Ladies and Gentlemen, the Fabulous Stains
This offbeat film is the ultimate compressed rags-to-riches-to-rags
story. Within a few days, three girls go from runaways to rock stars, and
back to oblivion.
A very young Diane Lane plays a teen with a 'tude. Some of her comments
get aired on television, and other teens express admiration for her in
"man on the street" interviews. Those broadcasts attract the attention of
some greedy promoters who are salivating at the fact that she, her sister,
and their cousin have a garage band called The Stains. It's more of a
theoretical band, really. They've only had three rehearsals and can
neither sing nor play, but after all rock has never been about musical
virtuosity in general, but about attitude, especially in the punk rock
area. (Remember Sid Vicious?) Although the girls have virtually no talent,
their stage posturing and see-through blouses start to attract a
following, and the media gets a hold of the phenomenon, which enlarges the
following. The band's success also inspires more greed from more
promoters, and plenty of jealousy from bands which take music more
seriously. The jealous rivals soon tell audiences about the greedy
profiteering behind The Stains's ostensible anti-commercialism, and the resulting disgrace returns the
girls to obscurity as fast as it had lifted them out of it.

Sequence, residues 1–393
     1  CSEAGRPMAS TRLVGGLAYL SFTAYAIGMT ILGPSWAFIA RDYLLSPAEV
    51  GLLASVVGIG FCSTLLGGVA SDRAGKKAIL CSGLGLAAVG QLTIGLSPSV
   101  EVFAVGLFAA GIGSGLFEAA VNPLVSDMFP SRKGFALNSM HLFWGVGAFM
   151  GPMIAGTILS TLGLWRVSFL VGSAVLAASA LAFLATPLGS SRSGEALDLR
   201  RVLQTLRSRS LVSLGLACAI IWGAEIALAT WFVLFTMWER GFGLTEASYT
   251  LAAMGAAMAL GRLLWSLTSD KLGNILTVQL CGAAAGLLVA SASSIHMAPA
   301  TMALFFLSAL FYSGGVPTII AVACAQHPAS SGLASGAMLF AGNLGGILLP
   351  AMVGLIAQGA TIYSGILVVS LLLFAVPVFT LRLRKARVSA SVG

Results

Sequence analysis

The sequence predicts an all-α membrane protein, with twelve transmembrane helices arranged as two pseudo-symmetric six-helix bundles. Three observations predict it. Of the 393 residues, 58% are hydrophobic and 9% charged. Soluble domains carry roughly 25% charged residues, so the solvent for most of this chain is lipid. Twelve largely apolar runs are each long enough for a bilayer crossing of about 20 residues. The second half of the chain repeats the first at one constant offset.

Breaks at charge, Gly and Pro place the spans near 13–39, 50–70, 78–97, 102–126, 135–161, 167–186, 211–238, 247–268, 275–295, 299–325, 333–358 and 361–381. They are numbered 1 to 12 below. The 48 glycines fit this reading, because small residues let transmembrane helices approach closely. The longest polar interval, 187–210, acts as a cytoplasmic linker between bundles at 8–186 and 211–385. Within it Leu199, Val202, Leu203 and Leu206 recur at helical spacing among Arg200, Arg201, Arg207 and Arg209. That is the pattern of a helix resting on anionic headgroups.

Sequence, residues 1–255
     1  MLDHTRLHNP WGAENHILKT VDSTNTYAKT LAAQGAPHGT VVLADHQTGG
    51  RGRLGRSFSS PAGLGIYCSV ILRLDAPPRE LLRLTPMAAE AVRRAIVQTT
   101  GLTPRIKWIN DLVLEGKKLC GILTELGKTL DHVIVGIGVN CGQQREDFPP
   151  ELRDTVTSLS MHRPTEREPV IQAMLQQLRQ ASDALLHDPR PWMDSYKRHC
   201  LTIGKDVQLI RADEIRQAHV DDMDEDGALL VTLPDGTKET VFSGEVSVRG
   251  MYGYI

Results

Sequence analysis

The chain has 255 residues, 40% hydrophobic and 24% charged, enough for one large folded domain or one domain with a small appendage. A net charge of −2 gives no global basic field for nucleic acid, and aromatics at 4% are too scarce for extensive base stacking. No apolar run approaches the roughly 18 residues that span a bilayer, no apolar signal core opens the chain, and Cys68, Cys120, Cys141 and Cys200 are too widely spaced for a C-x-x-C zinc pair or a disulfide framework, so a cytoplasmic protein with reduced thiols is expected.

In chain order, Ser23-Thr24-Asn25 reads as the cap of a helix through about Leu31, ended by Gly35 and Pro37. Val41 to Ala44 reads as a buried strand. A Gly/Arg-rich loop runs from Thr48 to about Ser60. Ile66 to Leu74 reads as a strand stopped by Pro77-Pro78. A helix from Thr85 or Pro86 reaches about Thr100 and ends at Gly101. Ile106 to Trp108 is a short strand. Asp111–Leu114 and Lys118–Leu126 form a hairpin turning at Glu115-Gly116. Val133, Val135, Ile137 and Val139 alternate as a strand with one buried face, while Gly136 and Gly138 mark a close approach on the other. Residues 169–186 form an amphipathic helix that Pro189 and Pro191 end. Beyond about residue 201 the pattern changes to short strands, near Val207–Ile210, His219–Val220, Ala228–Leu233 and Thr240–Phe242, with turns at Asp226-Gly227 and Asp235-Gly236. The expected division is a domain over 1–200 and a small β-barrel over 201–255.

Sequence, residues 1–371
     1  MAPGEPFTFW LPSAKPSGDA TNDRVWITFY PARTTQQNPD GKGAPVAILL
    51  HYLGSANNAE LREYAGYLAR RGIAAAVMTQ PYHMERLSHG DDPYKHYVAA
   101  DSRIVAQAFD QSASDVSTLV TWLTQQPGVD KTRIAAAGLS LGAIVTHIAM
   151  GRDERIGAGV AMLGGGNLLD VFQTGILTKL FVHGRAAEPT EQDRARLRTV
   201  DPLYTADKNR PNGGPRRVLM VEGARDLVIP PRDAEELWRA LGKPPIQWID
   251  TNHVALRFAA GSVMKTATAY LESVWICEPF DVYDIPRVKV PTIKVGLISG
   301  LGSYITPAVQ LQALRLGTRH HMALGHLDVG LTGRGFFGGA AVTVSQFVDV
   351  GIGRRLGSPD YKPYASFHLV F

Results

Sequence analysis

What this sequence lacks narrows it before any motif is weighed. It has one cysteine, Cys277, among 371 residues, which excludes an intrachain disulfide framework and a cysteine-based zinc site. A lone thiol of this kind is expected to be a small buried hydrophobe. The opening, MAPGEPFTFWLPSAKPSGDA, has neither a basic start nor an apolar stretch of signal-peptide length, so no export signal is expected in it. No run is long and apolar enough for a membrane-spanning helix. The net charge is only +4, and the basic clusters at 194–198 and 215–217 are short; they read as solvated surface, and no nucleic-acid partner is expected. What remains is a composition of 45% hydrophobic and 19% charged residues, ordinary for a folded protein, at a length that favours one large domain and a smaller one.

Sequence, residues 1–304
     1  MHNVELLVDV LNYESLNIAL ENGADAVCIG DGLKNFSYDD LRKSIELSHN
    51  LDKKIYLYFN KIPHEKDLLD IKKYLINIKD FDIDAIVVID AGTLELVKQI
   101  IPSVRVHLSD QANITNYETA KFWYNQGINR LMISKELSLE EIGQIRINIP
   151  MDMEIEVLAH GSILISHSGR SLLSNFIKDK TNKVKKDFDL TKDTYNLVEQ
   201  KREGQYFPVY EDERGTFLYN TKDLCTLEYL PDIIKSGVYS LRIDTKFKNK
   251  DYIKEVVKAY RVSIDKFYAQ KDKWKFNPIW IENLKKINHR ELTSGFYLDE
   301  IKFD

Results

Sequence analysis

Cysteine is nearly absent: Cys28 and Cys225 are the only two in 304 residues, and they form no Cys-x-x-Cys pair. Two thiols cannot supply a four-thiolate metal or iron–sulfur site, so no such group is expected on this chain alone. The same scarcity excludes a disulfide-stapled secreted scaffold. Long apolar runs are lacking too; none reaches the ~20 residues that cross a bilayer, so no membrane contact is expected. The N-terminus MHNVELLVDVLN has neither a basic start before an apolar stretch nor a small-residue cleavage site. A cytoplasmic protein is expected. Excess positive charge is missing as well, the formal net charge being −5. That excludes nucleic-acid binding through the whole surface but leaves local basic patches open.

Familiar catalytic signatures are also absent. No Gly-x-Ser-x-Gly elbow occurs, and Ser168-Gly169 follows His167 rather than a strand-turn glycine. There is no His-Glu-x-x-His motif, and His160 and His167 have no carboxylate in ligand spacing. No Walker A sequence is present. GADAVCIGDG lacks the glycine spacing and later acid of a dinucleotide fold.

(The film includes a post-script in which The Stains perform in a rock
video that shows they have rebounded to stardom - by becoming a glamorous
This is an odd little film that almost works, but not quite. The pacing
of the film is deadened by 1970s-style dialogue in which long pregnant
pauses substitute for words, and the characterizations are inconsistent.
The script can never decide which characters and situations it likes or
even which ones it takes seriously. Some characters have been exaggerated
into obvious buffoons at all times and are in the film only for comic
value. Other characters seem to live in the real world. Still others seem
to stray back and forth between realistic behavior and buffoonery. I'm
still not sure whether it this film is supposed to be funny. If so, it
fails, but if it could have found a consistent tone and held it, it might
have been a cult classic.
There is one other liability that kept the film from success. It is
filled with bad music. Mind you, this is not a weakness in the filmmaking.
It is SUPPOSED to be a film about awful fifth-rate bands, so they can't
sound like Hendrix and Clapton singing Dylan songs. But that artistic
consistency comes at the expense of commercial viability. There's more and